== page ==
I'm here at the 65th annual American Epilepsy Society meeting in Baltimore (Charm City). It's a gorgeous day--crystal clear weather and only slightly chilly.
The annual AES meeting is a high point of the year where 4,000 scientists, physicians and other health care professionals in the field of epilepsy convene to learn about the latest advances in the treatment of epilepsy.
I already attended an excellent presentation called Neurostimulation--Emerging Devices for Epilepsy. The news is promising as the field of neurostimulation is experiencing unprecedented growth. Two treatments are awaiting FDA approval and there are promising developments in the field of seizure alarm systems, which could one day recognize and predict seizures.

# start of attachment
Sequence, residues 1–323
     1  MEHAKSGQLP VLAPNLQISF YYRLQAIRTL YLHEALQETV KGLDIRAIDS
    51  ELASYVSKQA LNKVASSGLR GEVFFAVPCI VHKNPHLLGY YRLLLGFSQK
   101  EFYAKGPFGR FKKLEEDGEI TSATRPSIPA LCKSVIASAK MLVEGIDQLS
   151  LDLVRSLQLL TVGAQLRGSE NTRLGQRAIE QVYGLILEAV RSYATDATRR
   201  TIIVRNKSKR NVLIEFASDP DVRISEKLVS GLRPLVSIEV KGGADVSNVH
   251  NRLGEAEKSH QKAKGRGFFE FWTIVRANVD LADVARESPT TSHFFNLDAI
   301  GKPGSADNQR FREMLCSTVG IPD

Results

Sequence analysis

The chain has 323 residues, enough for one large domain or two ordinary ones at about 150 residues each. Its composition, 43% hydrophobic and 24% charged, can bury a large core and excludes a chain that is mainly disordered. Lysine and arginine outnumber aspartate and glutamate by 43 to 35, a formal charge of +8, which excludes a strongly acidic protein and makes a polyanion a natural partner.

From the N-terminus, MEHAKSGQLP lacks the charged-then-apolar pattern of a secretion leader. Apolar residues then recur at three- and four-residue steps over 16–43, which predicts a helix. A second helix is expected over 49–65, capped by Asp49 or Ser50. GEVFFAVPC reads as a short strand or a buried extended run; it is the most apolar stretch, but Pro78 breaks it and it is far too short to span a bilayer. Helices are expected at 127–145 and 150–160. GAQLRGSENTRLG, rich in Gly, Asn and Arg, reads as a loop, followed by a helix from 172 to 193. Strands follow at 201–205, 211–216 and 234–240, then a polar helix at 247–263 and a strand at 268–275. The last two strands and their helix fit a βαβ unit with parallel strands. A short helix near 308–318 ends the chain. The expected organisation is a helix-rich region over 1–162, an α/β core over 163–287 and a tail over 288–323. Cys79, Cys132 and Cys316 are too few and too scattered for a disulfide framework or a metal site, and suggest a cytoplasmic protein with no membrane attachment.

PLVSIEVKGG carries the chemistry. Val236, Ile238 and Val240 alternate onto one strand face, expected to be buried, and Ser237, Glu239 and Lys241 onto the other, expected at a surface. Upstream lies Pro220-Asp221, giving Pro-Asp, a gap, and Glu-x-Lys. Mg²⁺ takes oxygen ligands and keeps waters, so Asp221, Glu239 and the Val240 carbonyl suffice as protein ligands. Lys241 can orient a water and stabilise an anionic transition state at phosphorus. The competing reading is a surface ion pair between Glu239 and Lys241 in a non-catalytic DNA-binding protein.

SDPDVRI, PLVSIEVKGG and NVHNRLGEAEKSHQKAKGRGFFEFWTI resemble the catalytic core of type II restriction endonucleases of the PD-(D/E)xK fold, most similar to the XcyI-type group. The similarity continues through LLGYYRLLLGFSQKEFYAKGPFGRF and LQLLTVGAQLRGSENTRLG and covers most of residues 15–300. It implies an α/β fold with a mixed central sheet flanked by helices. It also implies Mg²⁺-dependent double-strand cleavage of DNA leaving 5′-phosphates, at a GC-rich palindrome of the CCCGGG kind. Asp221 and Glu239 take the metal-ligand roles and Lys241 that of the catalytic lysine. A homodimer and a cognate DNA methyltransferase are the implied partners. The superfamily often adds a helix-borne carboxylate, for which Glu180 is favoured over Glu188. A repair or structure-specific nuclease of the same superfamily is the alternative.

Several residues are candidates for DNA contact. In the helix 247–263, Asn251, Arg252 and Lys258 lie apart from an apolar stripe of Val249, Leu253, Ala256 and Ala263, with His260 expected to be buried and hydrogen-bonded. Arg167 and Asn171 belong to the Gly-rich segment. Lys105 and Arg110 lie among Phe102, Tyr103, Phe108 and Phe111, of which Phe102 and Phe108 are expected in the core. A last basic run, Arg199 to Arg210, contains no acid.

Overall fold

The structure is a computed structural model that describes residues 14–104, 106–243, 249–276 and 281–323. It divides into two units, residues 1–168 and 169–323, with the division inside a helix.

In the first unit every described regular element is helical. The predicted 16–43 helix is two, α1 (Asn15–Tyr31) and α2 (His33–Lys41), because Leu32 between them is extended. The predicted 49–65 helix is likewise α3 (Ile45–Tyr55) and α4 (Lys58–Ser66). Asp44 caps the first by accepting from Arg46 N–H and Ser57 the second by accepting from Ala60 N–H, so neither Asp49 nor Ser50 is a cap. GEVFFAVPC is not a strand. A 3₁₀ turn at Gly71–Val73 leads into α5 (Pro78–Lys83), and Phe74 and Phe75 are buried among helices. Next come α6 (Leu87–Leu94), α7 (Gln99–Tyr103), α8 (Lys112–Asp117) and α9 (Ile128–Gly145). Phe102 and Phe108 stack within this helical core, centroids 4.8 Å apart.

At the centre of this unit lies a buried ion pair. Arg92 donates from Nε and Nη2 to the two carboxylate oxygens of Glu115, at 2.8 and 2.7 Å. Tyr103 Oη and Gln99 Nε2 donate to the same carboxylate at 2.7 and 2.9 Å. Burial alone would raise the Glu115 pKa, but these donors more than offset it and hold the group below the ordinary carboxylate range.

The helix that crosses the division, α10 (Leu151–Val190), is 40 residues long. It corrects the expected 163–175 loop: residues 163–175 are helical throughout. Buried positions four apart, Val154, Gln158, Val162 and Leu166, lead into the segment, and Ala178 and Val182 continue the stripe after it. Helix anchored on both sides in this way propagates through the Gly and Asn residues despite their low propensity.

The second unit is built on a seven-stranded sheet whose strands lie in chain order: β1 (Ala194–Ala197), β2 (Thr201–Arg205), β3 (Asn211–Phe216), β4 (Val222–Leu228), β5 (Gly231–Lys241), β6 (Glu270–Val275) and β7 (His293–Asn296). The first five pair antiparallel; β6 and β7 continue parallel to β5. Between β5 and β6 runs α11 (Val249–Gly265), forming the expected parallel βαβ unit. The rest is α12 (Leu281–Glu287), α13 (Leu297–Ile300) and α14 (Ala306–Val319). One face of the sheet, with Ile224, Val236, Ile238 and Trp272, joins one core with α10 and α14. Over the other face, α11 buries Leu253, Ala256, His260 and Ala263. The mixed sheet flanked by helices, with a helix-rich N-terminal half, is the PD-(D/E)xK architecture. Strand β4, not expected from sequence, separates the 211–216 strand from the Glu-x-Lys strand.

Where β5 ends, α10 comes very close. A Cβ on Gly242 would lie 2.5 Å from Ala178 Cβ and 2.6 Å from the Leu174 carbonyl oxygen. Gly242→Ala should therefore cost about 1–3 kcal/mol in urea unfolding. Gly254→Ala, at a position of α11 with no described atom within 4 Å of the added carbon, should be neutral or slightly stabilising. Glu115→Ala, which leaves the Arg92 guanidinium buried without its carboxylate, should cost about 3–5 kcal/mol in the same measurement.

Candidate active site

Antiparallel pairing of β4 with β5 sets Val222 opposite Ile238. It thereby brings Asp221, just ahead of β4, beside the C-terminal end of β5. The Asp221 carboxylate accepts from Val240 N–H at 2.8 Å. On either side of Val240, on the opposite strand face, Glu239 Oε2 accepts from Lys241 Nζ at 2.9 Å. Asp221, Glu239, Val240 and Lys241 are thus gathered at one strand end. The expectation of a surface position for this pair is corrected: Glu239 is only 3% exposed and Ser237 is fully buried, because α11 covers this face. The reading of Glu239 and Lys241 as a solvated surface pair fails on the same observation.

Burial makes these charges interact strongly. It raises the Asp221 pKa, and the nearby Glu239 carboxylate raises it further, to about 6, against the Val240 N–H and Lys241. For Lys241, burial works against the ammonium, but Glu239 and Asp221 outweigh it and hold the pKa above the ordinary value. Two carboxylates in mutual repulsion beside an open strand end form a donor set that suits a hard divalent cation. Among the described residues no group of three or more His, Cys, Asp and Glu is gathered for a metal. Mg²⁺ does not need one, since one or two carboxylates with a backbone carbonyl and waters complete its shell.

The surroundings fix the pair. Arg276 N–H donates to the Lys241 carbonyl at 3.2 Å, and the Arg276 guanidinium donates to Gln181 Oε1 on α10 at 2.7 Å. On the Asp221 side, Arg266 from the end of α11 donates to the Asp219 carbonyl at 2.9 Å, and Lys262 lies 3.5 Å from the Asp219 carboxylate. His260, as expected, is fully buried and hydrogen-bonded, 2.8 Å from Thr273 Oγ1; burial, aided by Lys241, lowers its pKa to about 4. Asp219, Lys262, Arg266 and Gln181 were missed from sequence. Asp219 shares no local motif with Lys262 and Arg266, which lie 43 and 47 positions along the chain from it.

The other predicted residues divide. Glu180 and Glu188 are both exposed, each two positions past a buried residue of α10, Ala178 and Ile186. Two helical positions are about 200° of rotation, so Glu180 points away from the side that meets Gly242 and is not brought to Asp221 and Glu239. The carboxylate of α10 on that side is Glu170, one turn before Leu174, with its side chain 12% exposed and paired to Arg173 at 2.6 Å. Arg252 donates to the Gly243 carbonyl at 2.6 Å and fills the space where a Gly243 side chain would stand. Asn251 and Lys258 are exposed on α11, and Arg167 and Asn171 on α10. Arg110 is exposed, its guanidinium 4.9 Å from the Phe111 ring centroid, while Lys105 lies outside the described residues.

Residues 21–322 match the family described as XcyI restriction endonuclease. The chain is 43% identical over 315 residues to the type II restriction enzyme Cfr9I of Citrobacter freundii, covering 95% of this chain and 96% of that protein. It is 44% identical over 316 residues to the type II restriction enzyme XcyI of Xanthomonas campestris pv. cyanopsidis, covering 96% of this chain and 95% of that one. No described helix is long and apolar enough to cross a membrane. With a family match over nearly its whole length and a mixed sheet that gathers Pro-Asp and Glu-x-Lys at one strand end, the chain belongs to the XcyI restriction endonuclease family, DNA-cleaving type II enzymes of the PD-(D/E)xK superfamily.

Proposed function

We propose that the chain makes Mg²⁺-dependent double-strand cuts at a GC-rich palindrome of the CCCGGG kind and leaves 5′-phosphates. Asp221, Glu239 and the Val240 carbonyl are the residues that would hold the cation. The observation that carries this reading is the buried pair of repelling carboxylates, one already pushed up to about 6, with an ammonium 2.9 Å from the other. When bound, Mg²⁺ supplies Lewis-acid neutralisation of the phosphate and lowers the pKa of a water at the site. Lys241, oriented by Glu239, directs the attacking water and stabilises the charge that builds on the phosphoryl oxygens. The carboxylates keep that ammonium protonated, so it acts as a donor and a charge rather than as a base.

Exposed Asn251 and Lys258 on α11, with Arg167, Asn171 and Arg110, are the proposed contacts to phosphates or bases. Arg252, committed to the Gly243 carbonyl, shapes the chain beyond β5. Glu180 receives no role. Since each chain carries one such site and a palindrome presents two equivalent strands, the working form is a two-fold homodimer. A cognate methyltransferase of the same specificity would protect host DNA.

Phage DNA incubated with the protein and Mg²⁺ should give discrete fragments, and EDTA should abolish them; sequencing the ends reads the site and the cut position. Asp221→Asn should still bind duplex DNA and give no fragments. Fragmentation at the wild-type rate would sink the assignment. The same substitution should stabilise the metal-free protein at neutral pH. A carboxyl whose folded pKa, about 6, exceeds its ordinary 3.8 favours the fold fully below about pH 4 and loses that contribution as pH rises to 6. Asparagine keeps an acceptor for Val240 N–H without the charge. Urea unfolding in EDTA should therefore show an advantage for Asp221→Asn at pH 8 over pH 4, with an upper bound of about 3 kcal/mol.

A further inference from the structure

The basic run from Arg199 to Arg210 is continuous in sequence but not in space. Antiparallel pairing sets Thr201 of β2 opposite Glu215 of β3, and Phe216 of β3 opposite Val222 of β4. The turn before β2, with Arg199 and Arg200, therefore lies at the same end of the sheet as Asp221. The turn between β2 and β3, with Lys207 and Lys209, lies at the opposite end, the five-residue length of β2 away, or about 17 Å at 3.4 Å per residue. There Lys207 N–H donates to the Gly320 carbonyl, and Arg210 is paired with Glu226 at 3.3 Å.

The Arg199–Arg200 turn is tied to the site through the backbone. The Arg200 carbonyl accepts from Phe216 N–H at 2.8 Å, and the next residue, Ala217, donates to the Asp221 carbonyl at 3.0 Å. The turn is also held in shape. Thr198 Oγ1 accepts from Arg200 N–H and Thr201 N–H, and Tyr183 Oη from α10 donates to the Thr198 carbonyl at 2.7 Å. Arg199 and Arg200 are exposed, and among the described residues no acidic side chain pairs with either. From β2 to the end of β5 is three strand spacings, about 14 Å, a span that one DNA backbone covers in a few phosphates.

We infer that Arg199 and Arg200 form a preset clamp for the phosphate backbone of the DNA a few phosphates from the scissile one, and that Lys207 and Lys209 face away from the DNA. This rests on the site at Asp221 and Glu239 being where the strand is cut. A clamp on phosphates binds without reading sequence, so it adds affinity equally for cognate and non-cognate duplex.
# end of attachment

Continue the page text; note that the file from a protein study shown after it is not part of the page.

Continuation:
Two of the devices, the EpiAlert and the SmartWatch, are funded in part by the Epilepsy Foundation.
I'll be attending an FDA Town Hall meeting tonight. FDA will be dicussing issues related to generic antiepileptic drug equivalence. They will open the floor to questions and suggestions about AED equivalence, so it should be an interesting forum. I'll have updates tomorrow.
I'm very excited to attend the 9th Annual Judith Hoyer Lecture in Epilepsy tomorrow morning (12/3). Composer Cynthia Folio created a contemporary musical piece, When the Spirit Catches You, that portrays her daughter Lydia's seizures. Steven C. Schachter, M.D., a Harvard epileptologist, who has long had an interest in art and epilepsy, is this year's featured Hoyer Lecture speaker.
The Hoyer Lecture, Psychosocial Aspects of Epilepsy: State of the Art, begins at 8:45 a.m. on Saturday, December 3 in the Baltimore Convention Center. The illustrated lecture and musical performance will follow at 9:30 a.m. The event is free and open to the public.
On to the next presentation--more soon!